Q3 2022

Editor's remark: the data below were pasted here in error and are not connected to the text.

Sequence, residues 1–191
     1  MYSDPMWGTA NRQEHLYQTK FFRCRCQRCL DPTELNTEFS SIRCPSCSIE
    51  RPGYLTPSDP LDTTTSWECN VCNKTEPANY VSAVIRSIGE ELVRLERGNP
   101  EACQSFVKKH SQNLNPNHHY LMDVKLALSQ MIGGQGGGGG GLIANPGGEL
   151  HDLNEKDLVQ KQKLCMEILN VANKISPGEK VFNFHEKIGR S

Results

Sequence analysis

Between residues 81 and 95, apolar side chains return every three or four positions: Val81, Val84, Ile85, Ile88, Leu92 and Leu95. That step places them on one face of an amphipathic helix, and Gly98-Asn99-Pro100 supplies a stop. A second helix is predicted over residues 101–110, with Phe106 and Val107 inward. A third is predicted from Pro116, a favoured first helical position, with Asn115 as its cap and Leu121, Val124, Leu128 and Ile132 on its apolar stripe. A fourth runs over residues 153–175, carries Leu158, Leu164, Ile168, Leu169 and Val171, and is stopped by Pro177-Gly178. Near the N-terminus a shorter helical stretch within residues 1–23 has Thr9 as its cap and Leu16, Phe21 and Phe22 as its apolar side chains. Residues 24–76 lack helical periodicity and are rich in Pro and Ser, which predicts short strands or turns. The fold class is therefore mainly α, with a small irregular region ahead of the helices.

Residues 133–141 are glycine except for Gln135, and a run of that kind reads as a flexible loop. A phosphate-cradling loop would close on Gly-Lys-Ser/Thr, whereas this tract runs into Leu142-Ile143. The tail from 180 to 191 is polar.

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32 C I N E M O N T A G E B O A R D O F D I R E C T O R S much you will get out of it." — STEPHANIE BROWN, SOUND EDITOR, BOARD MEMBER ON AND OFF SINCE 2005 (STARTED AS AN ASSISTANT EDITOR REPRESENTATIVE) "I would tell them: 1) If you don't get elected, don't give up and keep trying the following year; 2) Always write a candidate statement and make it great!; and 3) Don't expect to join and get things done right away. There's a learning curve on how to best approach different things, how the board and committees operate, what is feasible and what is not, and how to be sure your initiative is putting its best foot for- ward. Big projects take time and patience. It's not enough to have a great idea; you'll need the teamwork abilities and stamina to see it through to execution, as well as adaptability to evolve based on feedback." — SHIRAN AMIR, ACE, EDITOR (ELECTED TO BOARD AS AN ASSISTANT EDITOR REPRESENTATIVE), BOARD MEMBER SINCE 2017 (FIVE YEARS) What is a common misconception that you think members have about the board of directors that you would like to clarify? "I think that during the last two con- tract negotiation cycles, our membership has become much more engaged, which is what we want and is a great development. However, some of the divisiveness that has arisen, particularly during the last contract cycle, seems to have led to some members questioning the motives and/or integrity of the board, and I find that extremely sad and distressing. I know that every board member is on the board because they wish to be of service. Board members volunteer countless hours to the Guild while also maintaining our very demanding day jobs, and I can confidently say that not a single one does so to thwart the will of the members." — STEPHANIE LOWRY, MUSIC EDITOR, BOARD MEMBER ON AND OFF SINCE 2003-2008, THEN CAME BACK TO THE BOARD IN 2015 (13 YEARS) "Three common misconceptions: first, I'd like to clarify that the MPEG Board of directors does not have anything to do with managing the MPIPHP fund. The Plans are governed by a separate board of directors appointed by the participating unions and employers. Second, the Editors Guild can not withdraw from IATSE and join the Directors Guild. While there was a time [in the 1940s] when editors were approached to join with the Directors Guild, the DG did not want the assistant editors to join, so the Editors Guild declined. Today, MPEG represents over 20 different classifications. Lastly, that the MPEG Board of Directors is not trying everything they can to inform members and get them involved. I n my s h o r t t i m e o n t h e B o a rd , w e have seen an unprecedented rise in par- ticipation, whether it's through the IATU Facebook group, or encouraging members to attend town halls and events. We have gone from maybe a dozen members at- tending the annual membership meeting to nearly 2700 members attending via zoom. There is still room to grow, but I hope that members know we are trying whatever we can to get information to members and to encourage their active participation." — MOLLY SHOCK, ACE, PICTURE EDITOR, BOARD MEMBER SINCE 2016 (SIX YEARS) "Another misconception is that we make decisions in a vacuum. Many board mem- bers do connect with general membership and bring their concerns to the meetings and advocate very well for those members." — MARGARET GUINEE, ASSISTANT EDITOR, BOARD MEMBER SINCE 2018 (FOUR YEARS) What changes would you like to see in how the board and/or the union operates moving forward, and how do you hope to help facilitate those changes? "I want the spending to come down in certain areas. In other areas, such as education and training, I would like us to spend more. I think having more educated and trained members makes us a stronger union." —STEVEN WEBER, Y16 SOUND SERVICE PERSON, BOARD MEMBER SINCE 2022 "I would like us to be more responsive Shiran Amir. Margaret Guinee. Molly Shock.

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